Am I Going To Home-School My Daughter? (Off The Eaten Path Product Review!)

Hi all!

Today I am going to be reviewing another Social Soup product and having my typical short discussion. I was recently given the opportunity to try Off the Eaten Path’s new range of Pea & Pinto Bean Sticks flavoured with sea salt. The other two flavours are not vegan, so I was only able to test this one…but hey, better than nothing! I’m also going to answer the question: will I be home-schooling my daughter? Without further ado, let’s get into it!

In Australia, you can find these healthy snacks at your local Coles or Woolworths supermarkets. Not only are these plant-based, there are also no artificial colours or flavours. Made with 35% real legumes, you can ensure you’re getting an adequate source of protein. I really like the taste and texture. Abigail does too. They are super easy to eat and very yummy. I would recommend giving them a try! You can check out more of their range here. These are perfect for school lunchboxes or serving at a party with some dip!

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Now onto the discussion topic. Am I planning on home-schooling my daughter? The reason I’m even writing about this is because a lot of vegans I know of, are anti-vaccination and therefore have no choice but to home-school their children as stated by the law. However, as I’ve mentioned many times, I am not your typical vegan. I live my life according to science-based evidence. Now this is not a dig at those that choose to home-school, even if their children are vaccinated, but I personally don’t think it’s a good idea. Here is why: a.) most parents that home-school are not qualified teachers, therefore they are doing their child a disservice educating them, b.) a child has no interaction with other children and completely misses out on the ‘school’ experience of being away from their parents and learning to interact with both students and teachers, c.) children miss out on organised sports/social events and even their accomplishments go unnoticed, d.) a child will never be away from their parent so expect to do a lot of work and have no time for you and e.) you will not be teaching them vital social and academic skills that they can only get in a classroom.

Does that answer your question? No, Abigail will not be home-schooled. She will experience an education the way most children do. I cannot wait to see her in her school uniform; making friends and memories! That is just my opinion. What do you think? 

Thank you so much for reading. I hope you enjoyed this post. Just a quick disclaimer, I am not sponsored for the product review above. It was sent to me for free but all thoughts/opinions are my own.

Peace & Love xoxo

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2 thoughts

  1. Fair enough if you don’t want to home educate your children, many people have a wonderful time at school. I don’t think you should slight home education, without experiencing it first, because in many ways it is superior. Everyone is different.
    I was in school at first but it did not agree with me. The children were unkind and the teachers were frightening and unfriendly, and they did not ever have more than a moment to pay individual attention to me.
    My parents taught me from the age of seven, and I learned everything I needed to know. You do not need a qualification to teach children things, because step by step books are out there for everything, maths, English, science, technology, etc. The things my parents didn’t know, we learned together. I was able to do things at a pace which suited me, and we were able to focus on the things we were fascinated by.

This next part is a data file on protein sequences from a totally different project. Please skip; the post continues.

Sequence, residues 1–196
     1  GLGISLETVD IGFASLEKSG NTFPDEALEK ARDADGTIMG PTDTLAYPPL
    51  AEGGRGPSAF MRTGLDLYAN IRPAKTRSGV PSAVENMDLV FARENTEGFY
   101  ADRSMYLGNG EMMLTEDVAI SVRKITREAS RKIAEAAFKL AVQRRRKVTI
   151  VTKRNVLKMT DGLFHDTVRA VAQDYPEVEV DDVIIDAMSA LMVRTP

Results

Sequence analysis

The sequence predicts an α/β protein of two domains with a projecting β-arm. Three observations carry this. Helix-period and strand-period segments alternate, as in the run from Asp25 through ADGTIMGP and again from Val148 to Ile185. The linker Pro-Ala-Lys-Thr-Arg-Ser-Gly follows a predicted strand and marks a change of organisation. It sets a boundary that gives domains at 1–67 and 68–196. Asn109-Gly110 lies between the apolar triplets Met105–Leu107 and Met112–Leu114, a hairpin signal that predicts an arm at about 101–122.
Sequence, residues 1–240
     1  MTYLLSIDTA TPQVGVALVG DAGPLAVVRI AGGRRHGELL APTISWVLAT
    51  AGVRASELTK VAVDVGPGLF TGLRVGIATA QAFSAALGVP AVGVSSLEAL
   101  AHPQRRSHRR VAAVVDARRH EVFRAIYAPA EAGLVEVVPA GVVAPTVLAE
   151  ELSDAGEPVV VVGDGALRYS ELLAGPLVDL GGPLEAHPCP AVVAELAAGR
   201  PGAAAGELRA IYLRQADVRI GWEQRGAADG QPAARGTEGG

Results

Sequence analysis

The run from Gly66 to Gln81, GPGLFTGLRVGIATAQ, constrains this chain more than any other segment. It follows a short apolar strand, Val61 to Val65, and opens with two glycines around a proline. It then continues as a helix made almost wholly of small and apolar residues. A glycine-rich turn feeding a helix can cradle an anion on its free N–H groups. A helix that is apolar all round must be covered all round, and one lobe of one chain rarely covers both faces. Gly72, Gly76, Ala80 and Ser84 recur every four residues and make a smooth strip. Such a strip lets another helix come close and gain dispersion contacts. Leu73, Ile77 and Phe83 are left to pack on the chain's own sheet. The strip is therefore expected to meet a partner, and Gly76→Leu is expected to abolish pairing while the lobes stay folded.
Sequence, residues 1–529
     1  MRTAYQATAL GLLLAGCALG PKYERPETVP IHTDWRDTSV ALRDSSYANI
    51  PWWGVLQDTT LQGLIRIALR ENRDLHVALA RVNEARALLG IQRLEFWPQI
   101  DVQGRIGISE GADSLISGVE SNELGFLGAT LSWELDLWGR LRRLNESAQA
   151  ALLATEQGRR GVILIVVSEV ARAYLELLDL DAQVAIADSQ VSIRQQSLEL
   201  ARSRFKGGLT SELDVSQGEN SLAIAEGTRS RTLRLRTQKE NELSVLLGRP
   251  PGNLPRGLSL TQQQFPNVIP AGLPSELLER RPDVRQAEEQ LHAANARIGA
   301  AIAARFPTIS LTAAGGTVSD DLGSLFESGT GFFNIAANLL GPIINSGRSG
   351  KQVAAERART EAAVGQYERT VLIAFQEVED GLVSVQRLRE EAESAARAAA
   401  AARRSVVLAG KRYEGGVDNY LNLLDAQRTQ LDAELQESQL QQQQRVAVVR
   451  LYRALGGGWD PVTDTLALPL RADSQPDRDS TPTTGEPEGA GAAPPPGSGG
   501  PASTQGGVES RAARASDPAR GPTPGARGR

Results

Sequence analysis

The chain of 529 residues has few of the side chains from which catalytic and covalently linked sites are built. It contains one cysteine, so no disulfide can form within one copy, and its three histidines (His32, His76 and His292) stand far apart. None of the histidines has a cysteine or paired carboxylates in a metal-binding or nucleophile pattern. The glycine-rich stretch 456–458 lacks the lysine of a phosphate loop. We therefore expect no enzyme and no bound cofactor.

Organised sports and child interactions were accessible to me via weekend and after school clubs, which are open to everyone, and there was also a home-school social group where I also made friends, and the different parents pooled their knowledge and helped one another to teach things like maths and literature, which some parents might struggle with. I was away from my parents a healthy quantity, at these social events, and my social skills were practised thoroughly.
    I can tell you that when I did attend school my accomplishments did go unnoticed. The teacher doesn’t have time to pay attention to everyone, so well behaved children fall by the way side. My teachers yelled at me for simple things like needing to go to the bathroom, and sat me next to bad children in order that the bad didn’t sit together. And the children were frequently unpleasant, turning on each other, forming cliques and telling one another that one way is wrong and bad while another is superior, and name calling and looking over the top of the toilet stall while you’re going to the bathroom. Laughing at other’s misfortune, etc etc.
    Colleges like home educated children, home educated children are often able to apply a year or two early to college, I got all my qualifications and went to university, where I met several other home educated children.
    Fair enough if you don’t want to home educate your children, many people have a wonderful time at school, but I don’t think you should slight home education, because you might put someone else off it who it would work well for. Everyone is different.

    1. I never slighted it, in fact I wrote that I am not judging anyone who home schools, I was just mentioning why in my opinion it’s not for me. I think in your case it was the perfect option and it worked well but you tried going to school first. I’m specifically talking about parents who never even try school to begin with and decide to home school from the beginning (usually because they won’t vaccinate their children so the law doesn’t allow them to take their children to school). In special circumstances I can certainly see the benefits as you outlined. Thank you for educating me more on the topic 🙂

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